Following the Government’s rushed decision in allocating zero tags to many charter operators in the West Coast Bioregion (WCB – from Kalbarri down to Augusta) from 1 July – dozens of family-run charter fishing businesses are now in freefall.
One of those who didn’t receive tags from the Government is Kristin McCarthy, the only female owner, operator and master within the WCB who has toiled for five years to establish her Seaestar Boat Charters business.
For now, Seaestar employs a full-time skipper, three full-time deckhands, two casual fish guides, one casual bus driver, one full-time engineer/mechanic, one admin assistant one part-time truck driver.
A mother of two young girls, Kristin usually works 16-hour days on her vessel Two Seas, specialising in diving, spearfishing and fishing. Running a successful charter fishing operation is hard yakka in anyone’s book, but all the more so for a working mum juggling childcare with running live-aboard charter trips to the Abrolhos.
“During my recent six days in the Abrolhos, I was up at 4am every morning and worked until 6-7pm every night while caring for my youngest daughter and customers on the boat,” said Kristin. “After returning to Geraldton, I then drive 400km back to Perth at 2am on Monday morning so I could drop my other daughter off to school and I’m covered head to toe in bruises from the boat – it’s physically and mentally exhausting.”
Despite the punishing hours, Kristin considers herself lucky to be in “one of the best jobs in the world.”
“This job is so special to me. I’ve spent my whole life working on the sea and it’s all I’ve done and all I know. I’m always meeting new people and made lifelong friends from clients that have come on the boat and enjoyed seeing many repeat customers grow as fishers,” said Kristin.
“Most importantly, you can work 365 days per year on the ocean and no one day is the same as the last. No matter how experienced you are, the ocean can teach you something new every day.”
Kristin has given her all in making a go of her business over the last few years but reduced her working hours in 2020 to have a baby, in which time she invested in upgrading to a new vessel to offer a better charter experience for her customers.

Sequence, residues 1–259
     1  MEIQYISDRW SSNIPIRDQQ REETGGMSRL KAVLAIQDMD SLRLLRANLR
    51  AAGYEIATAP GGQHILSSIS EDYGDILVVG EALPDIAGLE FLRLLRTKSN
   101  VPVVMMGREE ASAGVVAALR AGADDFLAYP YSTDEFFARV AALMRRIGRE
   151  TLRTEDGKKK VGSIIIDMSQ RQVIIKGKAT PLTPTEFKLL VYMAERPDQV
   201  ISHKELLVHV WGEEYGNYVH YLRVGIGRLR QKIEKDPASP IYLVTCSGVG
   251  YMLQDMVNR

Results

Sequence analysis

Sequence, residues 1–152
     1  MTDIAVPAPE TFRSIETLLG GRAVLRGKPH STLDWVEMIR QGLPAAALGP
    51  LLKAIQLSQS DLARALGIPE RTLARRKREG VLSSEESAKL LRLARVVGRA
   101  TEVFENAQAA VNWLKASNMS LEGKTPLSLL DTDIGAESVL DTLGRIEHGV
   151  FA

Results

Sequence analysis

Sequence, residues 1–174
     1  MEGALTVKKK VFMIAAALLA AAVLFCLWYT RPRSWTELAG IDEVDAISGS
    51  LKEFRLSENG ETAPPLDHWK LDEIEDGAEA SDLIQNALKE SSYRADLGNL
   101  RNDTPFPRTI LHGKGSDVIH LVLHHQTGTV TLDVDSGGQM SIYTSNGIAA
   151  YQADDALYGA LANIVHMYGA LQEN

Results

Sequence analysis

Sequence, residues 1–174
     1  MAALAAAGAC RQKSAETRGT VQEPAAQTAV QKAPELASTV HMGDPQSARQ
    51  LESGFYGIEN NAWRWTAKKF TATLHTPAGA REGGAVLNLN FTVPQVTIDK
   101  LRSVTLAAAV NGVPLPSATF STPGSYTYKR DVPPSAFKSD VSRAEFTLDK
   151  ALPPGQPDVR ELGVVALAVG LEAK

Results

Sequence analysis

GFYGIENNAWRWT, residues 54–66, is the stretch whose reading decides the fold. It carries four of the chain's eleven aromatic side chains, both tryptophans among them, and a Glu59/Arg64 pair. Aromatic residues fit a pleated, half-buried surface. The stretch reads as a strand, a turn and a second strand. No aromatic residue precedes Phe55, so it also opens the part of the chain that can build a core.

However, having a baby and choosing a business model which results in smaller numbers of customers taking fewer fish taken has counted against her. This is because DPIRD’s method for allocating west coast demersal tags across operators (or not in Kristin’s case) was based on catch figures over the last five years – with the more west coast demersal fish caught, the more tags allocated.
“The decision process was flawed, “ said Kristin. “The Government didn’t take into account the effort in terms of days that were fished, it just looked at the fish that were landed rather than consider businesses that had created sustainable fishing models. Boats who cater for families and run catch and release trips were overlooked by boats who take out 20 people. It’s ridiculous.
“You would think that in trying to achieve fish stock recovery those that offer different experiences and sustainable fishing models would be of the up most importance in receiving their allowance.”
Regional jobs and businesses on the line
Extinguishing the opportunity and attraction of catching these iconic fish off the WA coast for many charter operators will severely slash the $110 million the charter industry pours into our economy each year – along with risking the jobs of the 831 people the sector employs.
“There will be huge flow-on effects from this ban across numerous sectors. There are loads of families and sectors attached to every fish caught that are about to be damaged,” said Kristin.
“Our clients come in from all around WA, Australia and the world and they all want to catch a WA dhufish or fight a baldchin groper on a hand line in the Abrolhos. We now can’t offer that experience or compete with the boats that still can.
“I have eight staff from regional towns and the Perth metro that all have mortgages and bills to pay. They all want answers about the long-term position they have in my business.”
The decision will also result in less fishing opportunities for the 72,000 people who go charter fishing in Western Australia and all the social and wellbeing benefits they derive from it, as well as the tourism flow-through they bring to WA coastal towns.
Government must delay to keep charter businesses afloat
“Kristin’s story shows how ill-conceived this tag scheme is,” said Recfishwest CEO Dr Andrew Rowland.
“The issue here is not about sustainability, but how the Government has chosen to share the available fish between sectors. Cutting the charter sector catch by 73 per cent, with dozens of operations being allocated no west coast demersal fish whatsoever was always going to result in many of these businesses going under.”
Recfishwest is calling on the Government to hold off on the tag distribution decision until the outcome of its recently opened voluntary commercial buy back scheme valued at $2.5 million
“The buy-back scheme could make more fish available to be allocated to both the charter and recreational sectors later this year,” said Andrew, “So why the rush to get the tag allocation through? A six-month delay won’t impact on stock sustainability, and it may just save dozens of family businesses from shutting down. Once these businesses are closed there will be no coming back for them.”